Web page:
Finding a great landlord and a great property is not as easy as you might think...only IMHO.

 

 

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Posted (edited)
On 8/13/2022 at 9:06 PM, StreetCowboy said:

To quote from a random internet post:

Sometimes I use big words for which I don’t know the meaning, so that I sound more photosynthesis.

Photosynthetical, you mean?  You write photosynthetically; you sound photosynthetical.  Obviously, you do.

 

(The word photosynthetically is a valid adverb.  However, the word photosynthetical is a new one left up to your imagination.)

 

 

Edited by GammaGlobulin
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2 hours ago, GammaGlobulin said:

Photosynthetical

That's bigger than marmalade. I'm impressed.

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Posted (edited)
1 hour ago, champers said:

That's bigger than marmalade. I'm impressed.

Well, actually, we can speak about chlorophyll being photosynthetically active at various ranges of radiation.  And therefore, this adverb is a valid adverb.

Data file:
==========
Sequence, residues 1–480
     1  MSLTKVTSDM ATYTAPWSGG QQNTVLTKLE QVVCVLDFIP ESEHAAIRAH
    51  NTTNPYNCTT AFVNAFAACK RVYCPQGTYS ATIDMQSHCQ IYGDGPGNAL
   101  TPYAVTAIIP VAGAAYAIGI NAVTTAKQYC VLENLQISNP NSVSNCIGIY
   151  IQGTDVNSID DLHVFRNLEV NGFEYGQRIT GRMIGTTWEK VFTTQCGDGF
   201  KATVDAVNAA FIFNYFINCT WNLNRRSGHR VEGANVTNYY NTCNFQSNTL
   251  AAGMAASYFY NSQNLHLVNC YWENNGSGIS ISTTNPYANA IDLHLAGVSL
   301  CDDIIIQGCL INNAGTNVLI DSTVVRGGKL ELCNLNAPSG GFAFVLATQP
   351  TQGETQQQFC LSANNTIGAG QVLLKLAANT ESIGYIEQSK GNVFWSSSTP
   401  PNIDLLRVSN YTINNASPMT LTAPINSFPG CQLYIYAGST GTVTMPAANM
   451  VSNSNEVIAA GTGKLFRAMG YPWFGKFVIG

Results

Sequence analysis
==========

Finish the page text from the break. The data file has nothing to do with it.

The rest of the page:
However, if one were to say that one is photosynthetical, then one would just assume one might be speaking about his love of a green plant of some sort. Although, I doubt that many people use this adjective.

 

I have never heard of anyone referring to a person as being photosynthetical, except, maybe....

 

Are you a green plant?

 

Do you convert sunlight into usable energy?

 

Or, are you the type of person having mitochondria in your cells, rather than chlorophyll?

 

By the way, I guess you might recall that.....

 

MITOCHONDRIA are the POWERHOUSES of the Cell!!!!

 

((How many times have you heard this phrase, "the powerhouse of the cell"?))

 

If I hear this phrase, powerhouse of the cell, one more time,....

 

Then....

 

 

 

Edited by GammaGlobulin
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On 8/16/2022 at 12:45 AM, GammaGlobulin said:

Photosynthetical, you mean?  You write photosynthetically; you sound photosynthetical.  Obviously, you do.

 

(The word photosynthetically is a valid adverb.  However, the word photosynthetical is a new one left up to your imagination.)

 

 

The comedian has no idea how funny is his joke.  And if he had to explain it, he has failed. I will assume you are just being obtuse.

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On 8/17/2022 at 10:55 PM, StreetCowboy said:

The comedian has no idea how funny is his joke.  And if he had to explain it, he has failed. I will assume you are just being obtuse.

Only as obtuse as usual.

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14 minutes ago, GammaGlobulin said:

Only as obtuse as usual.

If you’re not a cutie you might as well be obtuse.

Edited by StreetCowboy